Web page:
The Broken Windows Theory

  • Tanishka Pandey and Amrita Raj Pathak
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  • Tanishka Pandey

    Student at Amity University, India

  • Amrita Raj Pathak

    Student at Amity University, India

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Any apparent indicators of crime and civil disorder, such as broken windows, loitering, public drinking, and transportation fare evasion, create an urban atmosphere that promotes even more crime and disorder, according to the broken windows theory. The clear advantage of this theory over many of its criminological forerunners is that, rather than relying on social policy, it permits criminal justice policy efforts to impact change. Throughout the 1990s, the broken windows theory had a significant impact on police policy, which has remained relevant into the twenty-first century. One of the most common criticisms of this theory is that by creating a causal link between disorder and crime, it misinterprets the relationship between the two. Broken windows policing is not expressly employed as a means of managing crime in most major cities today due to its contentious nature. However, remnants of this theory can still be found. Regulating crime is a difficult task, but the broken windows theory offers a method for lowering infractions and maintaining social order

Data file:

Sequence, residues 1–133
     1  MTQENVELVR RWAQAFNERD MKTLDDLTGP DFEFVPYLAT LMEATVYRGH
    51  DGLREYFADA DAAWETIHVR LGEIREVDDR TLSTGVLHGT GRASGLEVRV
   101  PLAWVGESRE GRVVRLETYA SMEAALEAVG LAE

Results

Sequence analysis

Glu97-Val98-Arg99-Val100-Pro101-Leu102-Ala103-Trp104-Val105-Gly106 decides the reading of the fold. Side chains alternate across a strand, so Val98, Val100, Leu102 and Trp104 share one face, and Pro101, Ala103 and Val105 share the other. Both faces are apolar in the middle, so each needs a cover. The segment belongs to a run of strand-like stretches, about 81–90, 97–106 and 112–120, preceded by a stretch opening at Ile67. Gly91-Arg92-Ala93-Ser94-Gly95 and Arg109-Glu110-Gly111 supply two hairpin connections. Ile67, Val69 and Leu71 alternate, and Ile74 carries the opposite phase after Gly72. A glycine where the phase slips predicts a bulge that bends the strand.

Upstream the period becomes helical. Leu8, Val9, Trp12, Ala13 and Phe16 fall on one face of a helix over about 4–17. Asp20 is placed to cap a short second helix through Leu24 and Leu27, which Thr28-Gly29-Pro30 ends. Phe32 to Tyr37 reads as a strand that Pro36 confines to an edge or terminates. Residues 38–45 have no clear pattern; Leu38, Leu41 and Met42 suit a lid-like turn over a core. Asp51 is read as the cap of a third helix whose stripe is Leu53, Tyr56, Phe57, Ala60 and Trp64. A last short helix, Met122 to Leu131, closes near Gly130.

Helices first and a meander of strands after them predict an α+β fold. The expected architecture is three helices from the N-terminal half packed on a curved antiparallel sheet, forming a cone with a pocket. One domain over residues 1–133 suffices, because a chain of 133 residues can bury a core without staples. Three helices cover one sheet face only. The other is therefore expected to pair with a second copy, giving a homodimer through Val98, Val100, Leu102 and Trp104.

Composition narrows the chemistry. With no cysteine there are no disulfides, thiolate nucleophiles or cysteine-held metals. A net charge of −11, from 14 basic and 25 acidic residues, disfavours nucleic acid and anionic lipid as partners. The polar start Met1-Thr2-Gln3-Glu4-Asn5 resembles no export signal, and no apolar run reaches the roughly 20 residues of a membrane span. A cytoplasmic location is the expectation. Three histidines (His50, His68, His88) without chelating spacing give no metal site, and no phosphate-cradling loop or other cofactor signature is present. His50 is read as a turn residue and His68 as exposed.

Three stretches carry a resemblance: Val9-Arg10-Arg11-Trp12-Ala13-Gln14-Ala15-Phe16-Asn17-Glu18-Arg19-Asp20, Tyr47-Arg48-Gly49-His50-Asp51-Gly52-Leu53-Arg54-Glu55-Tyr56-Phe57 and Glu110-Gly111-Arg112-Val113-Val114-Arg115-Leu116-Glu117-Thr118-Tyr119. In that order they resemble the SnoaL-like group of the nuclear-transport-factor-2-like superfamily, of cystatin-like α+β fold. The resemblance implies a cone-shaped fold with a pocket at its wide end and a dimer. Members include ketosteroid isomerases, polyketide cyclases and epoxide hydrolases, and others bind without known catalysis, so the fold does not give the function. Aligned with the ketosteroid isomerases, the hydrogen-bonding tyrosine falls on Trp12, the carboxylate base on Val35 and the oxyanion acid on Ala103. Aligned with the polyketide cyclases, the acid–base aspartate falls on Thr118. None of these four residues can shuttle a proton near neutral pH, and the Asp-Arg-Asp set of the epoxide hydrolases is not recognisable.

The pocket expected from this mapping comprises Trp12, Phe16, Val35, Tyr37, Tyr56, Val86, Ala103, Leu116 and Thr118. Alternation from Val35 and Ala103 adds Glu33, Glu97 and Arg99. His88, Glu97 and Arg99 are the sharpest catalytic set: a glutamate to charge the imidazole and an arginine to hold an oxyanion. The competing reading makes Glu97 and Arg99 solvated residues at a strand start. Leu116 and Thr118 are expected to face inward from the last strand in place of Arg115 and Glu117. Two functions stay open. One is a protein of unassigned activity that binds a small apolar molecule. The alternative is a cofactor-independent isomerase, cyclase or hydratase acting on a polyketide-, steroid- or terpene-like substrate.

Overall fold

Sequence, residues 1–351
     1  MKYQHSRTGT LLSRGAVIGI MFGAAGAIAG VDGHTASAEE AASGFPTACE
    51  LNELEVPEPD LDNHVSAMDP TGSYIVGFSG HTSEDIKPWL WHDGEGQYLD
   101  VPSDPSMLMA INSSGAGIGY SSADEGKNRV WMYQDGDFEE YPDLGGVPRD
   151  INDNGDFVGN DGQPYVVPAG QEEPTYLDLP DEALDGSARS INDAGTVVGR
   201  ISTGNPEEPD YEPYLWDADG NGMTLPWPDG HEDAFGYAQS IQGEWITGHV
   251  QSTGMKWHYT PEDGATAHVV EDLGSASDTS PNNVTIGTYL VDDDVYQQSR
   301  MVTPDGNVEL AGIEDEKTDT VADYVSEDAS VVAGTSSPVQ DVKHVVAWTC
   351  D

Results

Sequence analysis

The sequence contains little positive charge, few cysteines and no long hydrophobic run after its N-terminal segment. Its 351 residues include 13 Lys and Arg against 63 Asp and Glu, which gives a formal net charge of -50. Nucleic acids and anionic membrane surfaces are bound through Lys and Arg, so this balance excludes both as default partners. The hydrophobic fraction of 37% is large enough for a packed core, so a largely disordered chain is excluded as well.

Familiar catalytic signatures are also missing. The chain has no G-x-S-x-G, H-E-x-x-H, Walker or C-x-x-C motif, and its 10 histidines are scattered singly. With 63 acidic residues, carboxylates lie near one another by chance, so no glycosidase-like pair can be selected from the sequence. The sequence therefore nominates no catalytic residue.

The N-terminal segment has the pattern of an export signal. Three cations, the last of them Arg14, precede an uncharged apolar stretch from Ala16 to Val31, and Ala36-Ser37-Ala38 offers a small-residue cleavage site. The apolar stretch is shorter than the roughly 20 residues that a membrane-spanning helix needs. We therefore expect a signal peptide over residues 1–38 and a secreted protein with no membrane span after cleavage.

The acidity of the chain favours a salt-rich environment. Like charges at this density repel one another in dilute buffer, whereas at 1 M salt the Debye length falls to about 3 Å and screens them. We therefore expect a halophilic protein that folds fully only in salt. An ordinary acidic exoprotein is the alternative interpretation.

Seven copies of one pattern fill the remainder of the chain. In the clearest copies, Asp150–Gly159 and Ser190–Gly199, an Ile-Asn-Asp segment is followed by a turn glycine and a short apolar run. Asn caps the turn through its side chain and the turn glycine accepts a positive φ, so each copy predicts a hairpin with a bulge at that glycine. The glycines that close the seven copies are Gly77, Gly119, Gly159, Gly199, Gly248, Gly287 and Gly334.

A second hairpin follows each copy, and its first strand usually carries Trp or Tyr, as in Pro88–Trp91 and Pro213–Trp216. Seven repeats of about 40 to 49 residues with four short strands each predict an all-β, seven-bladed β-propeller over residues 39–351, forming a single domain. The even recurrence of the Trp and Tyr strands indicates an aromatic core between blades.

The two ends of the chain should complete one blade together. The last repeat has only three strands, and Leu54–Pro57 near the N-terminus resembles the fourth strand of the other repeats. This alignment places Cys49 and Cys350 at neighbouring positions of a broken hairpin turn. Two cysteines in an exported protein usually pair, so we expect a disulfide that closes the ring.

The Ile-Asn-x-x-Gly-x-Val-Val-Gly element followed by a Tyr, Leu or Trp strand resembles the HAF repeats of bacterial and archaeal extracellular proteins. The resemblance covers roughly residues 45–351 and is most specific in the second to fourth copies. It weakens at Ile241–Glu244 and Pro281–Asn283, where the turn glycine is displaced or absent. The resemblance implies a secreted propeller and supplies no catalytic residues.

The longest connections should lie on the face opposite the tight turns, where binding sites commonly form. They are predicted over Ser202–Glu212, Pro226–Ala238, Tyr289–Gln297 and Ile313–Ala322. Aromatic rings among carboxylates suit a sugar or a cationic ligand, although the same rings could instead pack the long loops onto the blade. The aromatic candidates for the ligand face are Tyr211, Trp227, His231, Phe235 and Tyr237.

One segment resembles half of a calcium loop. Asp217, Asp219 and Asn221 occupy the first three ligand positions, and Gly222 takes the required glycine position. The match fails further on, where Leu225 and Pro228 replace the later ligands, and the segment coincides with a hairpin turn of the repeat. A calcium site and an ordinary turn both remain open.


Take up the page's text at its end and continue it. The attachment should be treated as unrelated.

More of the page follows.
Research Paper


International Journal of Law Management and Humanities, Volume 4, Issue 5, Page 1722 - 1730


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